They are also famous for their willingness to occasionally approach humans and playfully interact with them in the water. In return, in some cultures like in Ancient Greece they were treated with welcome; a ship spotting dolphins riding in their wake was considered a good omen for a smooth voyage. There have been reports of dolphins protecting swimmers against sharks by swimming circles around the swimmers.

Dolphins are social animals, living in pods (also called "schools") of up to a dozen animals. In places with a high abundance of food, schools can join temporarily, forming an aggregation called a superpod; such groupings may exceed 1000 dolphins. The individuals communicate using a variety of clicks, whistles, and other vocalizations. They also use ultrasonic sounds for echolocation.

File:Airborne dolphin.jpg

Membership in schools is not rigid; interchange is common. However, the animals can establish strong bonds between each other. This leads to them staying with injured or ill fellows for support.

Because of their high capacity for learning, humans have employed dolphins for any number of purposes. Dolphins trained to perform in front of an audience have become a favorite attraction in dolphinaria, for example SeaWorld. Dolphin/Human interaction is also employed in a curative sense at places where dolphins work with autistic or otherwise disabled children. The military has employed dolphins for various purposes from finding mines to rescuing lost or trapped persons. Such military dolphins, however, drew scrutiny during the Vietnam War when rumours circulated that dolphins were being trained to kill Vietnamese Skin Divers.

In May 2005, researchers in Australia discovered a cultural aspect of dolphin behaviour: Some dolphins (Tursiops aduncus) teach their offspring to use a tool. The animals break off sponges and put them onto their mouths thus protecting the delicate body part during their hunt for fish on the seabed. Other than with primate simians, the knowledge to use a tool is mostly handed over only from mothers to daughters. The technology to use sponges as mouth protection is not genetically inherited but a taught cultural behaviour.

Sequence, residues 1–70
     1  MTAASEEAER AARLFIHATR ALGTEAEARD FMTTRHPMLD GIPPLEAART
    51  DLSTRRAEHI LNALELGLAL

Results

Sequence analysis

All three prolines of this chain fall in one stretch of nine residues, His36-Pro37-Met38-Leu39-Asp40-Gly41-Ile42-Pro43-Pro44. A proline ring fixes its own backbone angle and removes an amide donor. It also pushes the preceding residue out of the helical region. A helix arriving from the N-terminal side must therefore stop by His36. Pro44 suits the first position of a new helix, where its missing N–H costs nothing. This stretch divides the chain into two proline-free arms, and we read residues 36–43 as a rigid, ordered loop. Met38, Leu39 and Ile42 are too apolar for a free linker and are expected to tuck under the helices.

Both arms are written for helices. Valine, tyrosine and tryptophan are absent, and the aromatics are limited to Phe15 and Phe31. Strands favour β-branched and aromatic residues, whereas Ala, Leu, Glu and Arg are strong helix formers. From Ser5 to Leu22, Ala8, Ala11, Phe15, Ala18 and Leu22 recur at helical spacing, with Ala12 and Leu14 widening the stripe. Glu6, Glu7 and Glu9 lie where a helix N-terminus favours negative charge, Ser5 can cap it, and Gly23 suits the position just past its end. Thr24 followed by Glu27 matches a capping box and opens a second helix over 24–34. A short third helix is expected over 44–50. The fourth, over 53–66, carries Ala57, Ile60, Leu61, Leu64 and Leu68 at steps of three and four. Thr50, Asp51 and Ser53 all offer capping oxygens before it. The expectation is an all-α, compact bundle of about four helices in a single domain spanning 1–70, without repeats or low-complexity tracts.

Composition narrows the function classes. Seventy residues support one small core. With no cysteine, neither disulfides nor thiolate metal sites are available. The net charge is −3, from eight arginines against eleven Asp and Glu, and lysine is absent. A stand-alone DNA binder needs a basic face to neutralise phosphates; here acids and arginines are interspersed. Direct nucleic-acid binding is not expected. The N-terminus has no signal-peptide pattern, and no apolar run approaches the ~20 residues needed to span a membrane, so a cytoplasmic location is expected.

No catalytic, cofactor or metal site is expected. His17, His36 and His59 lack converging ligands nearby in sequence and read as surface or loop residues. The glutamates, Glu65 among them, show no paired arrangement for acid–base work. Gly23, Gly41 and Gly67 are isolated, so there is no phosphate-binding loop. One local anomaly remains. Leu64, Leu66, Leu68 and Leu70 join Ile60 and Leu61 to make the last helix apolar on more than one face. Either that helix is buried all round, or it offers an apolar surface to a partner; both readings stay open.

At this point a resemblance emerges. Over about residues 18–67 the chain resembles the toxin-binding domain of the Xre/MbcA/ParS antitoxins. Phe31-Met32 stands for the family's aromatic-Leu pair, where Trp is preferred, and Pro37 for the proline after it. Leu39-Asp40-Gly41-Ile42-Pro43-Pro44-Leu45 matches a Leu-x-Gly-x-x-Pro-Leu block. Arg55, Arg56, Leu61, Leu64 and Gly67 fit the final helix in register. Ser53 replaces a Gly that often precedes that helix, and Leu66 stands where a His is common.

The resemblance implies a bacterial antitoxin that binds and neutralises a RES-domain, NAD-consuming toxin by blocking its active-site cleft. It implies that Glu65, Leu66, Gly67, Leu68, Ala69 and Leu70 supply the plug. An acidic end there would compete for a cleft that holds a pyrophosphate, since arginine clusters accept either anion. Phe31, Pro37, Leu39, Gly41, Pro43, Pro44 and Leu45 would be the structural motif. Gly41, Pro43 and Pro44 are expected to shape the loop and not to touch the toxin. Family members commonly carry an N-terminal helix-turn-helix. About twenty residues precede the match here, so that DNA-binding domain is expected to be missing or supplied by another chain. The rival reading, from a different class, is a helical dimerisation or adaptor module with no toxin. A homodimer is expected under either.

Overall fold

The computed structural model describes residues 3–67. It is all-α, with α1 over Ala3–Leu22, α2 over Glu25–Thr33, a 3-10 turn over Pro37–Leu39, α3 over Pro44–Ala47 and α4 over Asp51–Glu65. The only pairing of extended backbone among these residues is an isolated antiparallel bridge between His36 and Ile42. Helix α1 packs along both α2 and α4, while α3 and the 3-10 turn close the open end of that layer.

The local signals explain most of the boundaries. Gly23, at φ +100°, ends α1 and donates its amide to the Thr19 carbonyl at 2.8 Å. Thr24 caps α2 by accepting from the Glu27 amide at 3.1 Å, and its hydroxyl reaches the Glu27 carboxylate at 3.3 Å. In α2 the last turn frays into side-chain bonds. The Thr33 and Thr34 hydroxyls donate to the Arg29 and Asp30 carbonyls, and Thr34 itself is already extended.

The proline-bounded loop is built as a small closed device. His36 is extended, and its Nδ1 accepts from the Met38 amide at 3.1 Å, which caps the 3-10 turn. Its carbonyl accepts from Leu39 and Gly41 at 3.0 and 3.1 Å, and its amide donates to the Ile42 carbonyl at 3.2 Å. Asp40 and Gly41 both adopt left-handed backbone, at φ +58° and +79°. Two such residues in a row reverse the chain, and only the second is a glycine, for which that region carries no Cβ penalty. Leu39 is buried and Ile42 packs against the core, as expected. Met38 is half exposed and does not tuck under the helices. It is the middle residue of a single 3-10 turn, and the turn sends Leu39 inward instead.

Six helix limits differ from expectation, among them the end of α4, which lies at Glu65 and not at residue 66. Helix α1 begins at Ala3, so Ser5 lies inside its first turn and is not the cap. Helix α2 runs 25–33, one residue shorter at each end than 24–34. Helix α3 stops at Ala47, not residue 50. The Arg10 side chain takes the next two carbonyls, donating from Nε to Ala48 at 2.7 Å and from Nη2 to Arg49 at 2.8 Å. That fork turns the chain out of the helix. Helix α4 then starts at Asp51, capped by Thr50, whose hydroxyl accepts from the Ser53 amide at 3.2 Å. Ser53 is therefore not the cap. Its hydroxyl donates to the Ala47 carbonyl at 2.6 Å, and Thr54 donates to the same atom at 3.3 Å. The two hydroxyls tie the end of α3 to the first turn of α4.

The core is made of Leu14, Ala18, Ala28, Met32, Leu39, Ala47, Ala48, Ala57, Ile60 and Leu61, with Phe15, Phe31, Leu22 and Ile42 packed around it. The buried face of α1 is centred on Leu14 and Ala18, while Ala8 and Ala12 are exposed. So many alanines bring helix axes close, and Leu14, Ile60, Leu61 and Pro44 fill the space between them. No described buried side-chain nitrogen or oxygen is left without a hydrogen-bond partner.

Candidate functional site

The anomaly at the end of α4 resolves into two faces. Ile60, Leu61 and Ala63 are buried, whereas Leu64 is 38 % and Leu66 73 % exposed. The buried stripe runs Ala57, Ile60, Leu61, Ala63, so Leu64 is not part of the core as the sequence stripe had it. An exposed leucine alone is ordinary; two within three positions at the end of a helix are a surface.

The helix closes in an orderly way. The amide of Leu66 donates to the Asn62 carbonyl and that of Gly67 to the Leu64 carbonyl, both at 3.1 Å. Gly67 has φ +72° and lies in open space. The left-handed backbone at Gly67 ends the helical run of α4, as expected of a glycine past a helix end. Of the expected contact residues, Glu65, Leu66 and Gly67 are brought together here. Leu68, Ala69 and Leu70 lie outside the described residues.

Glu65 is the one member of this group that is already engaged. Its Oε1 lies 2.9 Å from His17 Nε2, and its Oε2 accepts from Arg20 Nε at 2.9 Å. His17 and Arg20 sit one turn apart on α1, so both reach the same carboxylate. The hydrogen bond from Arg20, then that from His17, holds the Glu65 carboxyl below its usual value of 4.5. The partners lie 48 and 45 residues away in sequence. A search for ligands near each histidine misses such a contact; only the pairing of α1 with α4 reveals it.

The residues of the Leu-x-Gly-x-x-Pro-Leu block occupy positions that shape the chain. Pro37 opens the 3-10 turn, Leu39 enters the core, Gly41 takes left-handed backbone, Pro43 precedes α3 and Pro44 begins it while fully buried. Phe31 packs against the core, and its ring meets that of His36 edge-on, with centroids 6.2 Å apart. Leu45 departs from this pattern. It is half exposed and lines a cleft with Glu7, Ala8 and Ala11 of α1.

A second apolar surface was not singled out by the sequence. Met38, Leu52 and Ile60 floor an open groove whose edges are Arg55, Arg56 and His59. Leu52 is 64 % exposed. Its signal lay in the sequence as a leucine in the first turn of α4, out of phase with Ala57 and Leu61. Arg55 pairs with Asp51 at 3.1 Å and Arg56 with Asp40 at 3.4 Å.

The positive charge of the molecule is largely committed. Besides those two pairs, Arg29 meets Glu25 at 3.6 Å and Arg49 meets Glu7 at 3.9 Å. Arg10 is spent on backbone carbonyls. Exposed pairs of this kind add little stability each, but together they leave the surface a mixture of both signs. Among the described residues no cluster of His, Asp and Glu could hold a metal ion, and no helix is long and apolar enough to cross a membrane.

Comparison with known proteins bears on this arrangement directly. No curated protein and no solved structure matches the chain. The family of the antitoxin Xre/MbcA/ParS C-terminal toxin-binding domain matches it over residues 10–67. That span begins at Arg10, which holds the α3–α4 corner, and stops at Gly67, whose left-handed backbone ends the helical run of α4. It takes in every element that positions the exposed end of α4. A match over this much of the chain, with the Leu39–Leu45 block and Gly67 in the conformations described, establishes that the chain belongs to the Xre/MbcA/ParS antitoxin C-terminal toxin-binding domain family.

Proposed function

Dolphins do not have acute eyesight nor do they appear to have a good sense of smell, although their sense of hearing is far above our own.

Compare also: whale behavior

FeedingEdit

Dolphins are predators, chasing their prey at high speed. The dentition is adapted to the animals they hunt: Species with long beaks and many teeth forage on fish, whereas short beaks and lesser tooth count are linked to catching squid. Some dolphins may take crustaceans. Usually, the prey is swallowed whole. The bigger species, especially the orca, are capable of eating marine mammals, even large whales. There are no known reports of cannibalism amongst dolphins.

Individual species may employ a number of methods of hunting:

  • Herding - where a superpod will control a school of fish while individual members take turns ploughing through the herd, feeding.
  • Corralling - where fish are chased to shallow water where they are more easily captured.
  • Fish Wacking - where the dolphin uses its fluke to strike the fish, stunning it and sometimes sending it clear out of the water.
  • Stunning - using the echolocation melon, very loud clicks are directed at prey, stunning them.
  • Foraging - A recent study reported that wild bottlenose dolphins (Tursiops sp.) in Western Australia use sponges to forage in the sea bed for food.[1]

Dolphin loreEdit

  • The popular television show Flipper, created by Ivan Tors, portrayed a dolphin in a friendly relationship with two boys, Sandy and Bud; a kind of sea going Lassie, Flipper understood English unusually well and was a marked hero: "Go tell Dad we're in trouble, Flipper! Hurry!" The show's theme song contains the lyric no one you see / is smarter than he.
  • After study at the Dolphins Plus research center in Key Largo, Florida, fantasy author Ken Grimwood wrote dolphins into his 1995 novel Into the Deep, including entire chapters written from the viewpoint of his dolphin characters.
  • A book called 'The Music of Dolphins' was written by Karen Hesse, about a girl who had lived with dolphins since the age of four.
  • The Mystery Science Theater 3000 episode Devil Fish, features Mike and the 'Bots mocking dolphins. While doing so, the SOL gets blasted by a ship that turns out to be piloted by dolphins. Mike and the 'Bots then quickly apoligize.

See alsoEdit


External linksEdit